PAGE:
Netflix's Damsel Movie Review — Visceral, genre-bending fun

Netflix rewrites the damsel-in-distress narrative with Damsel, an exciting fantasy adventure that turns the generic fairy tale on its head with surprising results.

Millie Bobby Brown plays Elodie, the eldest princess of a starving kingdom who spends most of her time chopping firewood for her subjects instead of doing what fairy tale princesses do. As luck would have it, the richest kingdom in the land is looking for a suitable bride for their prince, and Elodie has no choice but to go with the plan to give her people a fighting chance.

But it all goes awry when she discovers that the royal family she married into has a terrible secret: they have been sacrificing brides to a dragon who has been terrorizing their lands for millennia! Soon Elodie finds herself fighting for her life with nothing but a knife and a will to survive unlike anything you’ve seen from any fairy tale.

You might think fantasy action/adventure holds no surprises for you, but Damsel is shocking in its intensity. Pulling no punches in putting Elodie through the wringer, Damsel sends Millie Bobby Brown to get slashed, scratched, burned, and thrown around rock faces and 30-foot drops, punctuated by her guttural screams of pain and frustration. Going Tomb Raider-mode on us as she looks for a way out of her cavernous prison, Brown is believable as a scrappy, street-smart princess fighting for her life, propped up only by her steely resolve and her MacGuyver-esque knowledge.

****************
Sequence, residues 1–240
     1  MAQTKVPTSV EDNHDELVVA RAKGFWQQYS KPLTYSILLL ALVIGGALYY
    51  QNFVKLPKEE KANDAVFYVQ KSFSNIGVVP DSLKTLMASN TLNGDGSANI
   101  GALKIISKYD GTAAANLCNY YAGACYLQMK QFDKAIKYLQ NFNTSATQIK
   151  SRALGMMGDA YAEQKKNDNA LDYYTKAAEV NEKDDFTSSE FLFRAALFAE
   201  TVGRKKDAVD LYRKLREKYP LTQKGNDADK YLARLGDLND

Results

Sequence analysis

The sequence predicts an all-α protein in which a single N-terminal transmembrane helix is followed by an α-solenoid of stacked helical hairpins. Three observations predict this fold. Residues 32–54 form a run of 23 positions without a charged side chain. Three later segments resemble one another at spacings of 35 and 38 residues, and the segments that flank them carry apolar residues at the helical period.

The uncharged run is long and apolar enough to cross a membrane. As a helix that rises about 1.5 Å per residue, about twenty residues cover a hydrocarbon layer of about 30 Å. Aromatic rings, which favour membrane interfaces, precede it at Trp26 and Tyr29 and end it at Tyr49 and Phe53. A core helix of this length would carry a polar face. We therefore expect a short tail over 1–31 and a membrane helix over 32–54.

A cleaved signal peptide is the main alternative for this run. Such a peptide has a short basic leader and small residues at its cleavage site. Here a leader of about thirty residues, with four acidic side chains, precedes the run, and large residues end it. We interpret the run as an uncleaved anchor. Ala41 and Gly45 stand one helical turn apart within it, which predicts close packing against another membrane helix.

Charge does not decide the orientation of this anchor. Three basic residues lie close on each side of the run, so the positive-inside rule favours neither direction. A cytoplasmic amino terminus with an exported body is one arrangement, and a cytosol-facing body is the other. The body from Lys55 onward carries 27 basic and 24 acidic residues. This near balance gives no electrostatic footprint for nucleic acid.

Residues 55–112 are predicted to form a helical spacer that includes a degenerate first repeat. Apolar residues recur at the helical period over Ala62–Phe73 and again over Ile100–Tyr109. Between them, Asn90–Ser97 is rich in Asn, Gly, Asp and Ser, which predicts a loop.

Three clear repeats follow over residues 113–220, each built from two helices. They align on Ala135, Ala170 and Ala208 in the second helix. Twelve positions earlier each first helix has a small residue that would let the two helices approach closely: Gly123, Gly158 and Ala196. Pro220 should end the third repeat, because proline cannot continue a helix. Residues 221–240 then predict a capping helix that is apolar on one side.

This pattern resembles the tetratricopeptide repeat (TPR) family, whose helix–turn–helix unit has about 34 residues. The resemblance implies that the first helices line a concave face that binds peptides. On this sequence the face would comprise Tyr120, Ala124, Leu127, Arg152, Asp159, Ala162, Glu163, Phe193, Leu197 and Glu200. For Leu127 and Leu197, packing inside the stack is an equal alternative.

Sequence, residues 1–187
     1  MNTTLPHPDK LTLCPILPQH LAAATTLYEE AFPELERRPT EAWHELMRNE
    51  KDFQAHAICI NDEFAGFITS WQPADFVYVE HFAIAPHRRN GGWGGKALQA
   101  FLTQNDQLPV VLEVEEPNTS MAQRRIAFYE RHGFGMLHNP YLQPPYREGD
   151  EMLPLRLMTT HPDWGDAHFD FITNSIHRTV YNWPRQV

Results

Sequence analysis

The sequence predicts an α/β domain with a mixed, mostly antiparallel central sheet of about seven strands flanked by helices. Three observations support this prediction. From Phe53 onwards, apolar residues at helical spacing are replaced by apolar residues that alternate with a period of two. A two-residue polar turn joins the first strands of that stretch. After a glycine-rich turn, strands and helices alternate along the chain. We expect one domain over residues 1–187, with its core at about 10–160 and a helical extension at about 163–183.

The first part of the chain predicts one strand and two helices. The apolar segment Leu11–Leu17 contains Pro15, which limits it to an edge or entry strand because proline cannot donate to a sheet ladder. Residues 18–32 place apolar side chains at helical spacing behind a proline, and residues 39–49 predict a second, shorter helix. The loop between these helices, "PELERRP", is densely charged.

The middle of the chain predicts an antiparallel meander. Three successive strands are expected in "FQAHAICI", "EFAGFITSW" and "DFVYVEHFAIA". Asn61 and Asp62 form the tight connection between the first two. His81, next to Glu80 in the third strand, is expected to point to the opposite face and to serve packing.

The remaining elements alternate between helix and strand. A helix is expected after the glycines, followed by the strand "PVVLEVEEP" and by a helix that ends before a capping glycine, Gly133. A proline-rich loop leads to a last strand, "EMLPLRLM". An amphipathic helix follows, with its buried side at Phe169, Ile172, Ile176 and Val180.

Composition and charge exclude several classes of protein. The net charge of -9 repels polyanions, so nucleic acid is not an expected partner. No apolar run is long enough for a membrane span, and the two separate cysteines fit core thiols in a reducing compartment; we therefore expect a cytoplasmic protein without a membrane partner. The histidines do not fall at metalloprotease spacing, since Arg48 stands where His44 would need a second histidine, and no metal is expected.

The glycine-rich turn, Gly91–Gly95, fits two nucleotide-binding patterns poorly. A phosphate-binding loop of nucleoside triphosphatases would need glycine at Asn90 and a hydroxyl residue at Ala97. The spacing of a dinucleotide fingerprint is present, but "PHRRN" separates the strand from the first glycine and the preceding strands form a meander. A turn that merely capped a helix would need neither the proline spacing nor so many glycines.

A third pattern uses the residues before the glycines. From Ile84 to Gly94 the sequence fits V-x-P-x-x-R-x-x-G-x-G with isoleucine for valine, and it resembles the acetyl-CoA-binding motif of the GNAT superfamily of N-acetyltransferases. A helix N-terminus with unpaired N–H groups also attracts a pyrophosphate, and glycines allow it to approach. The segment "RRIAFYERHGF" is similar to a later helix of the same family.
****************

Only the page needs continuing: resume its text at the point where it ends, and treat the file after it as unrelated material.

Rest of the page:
Brown does her best to carry Damsel, but it stumbles halfway as it trips over itself dropping clues to the movie’s deeper mystery. For a supposed death sentence of a dragon’s lair, it’s hilariously accessible that even princesses with no prior experience with spelunking can find their way around. In addition, Brown's supporting cast of powerhouse actors like Ray Winstone and Robin Wright do their best but feels tacked on. Even Academy Award-nominee Angela Bassett, who plays Elodie's well-meaning stepmother, says some lines and is largely forgotten.

But even with contrived dangers and superfluous cast, Damsel is still a tense affair with the always-looming threat of the stalking dragon right around the corner. It also feels like cheating for the dragon to be voiced by Shohreh Aghdashloo, whose gravelly timbre doesn’t even need to be run through post-production to be unsettling and menacing!

It’s easy to write it off as your typical “fantasy adventure with a twist” movie, but Damsel is engaging enough to be worthwhile. If you’re in the market for a fantasy movie starring a princess that kicks plenty of ass, you’ve come to the right place.

Damsel is now streaming on Netflix.

Post a Comment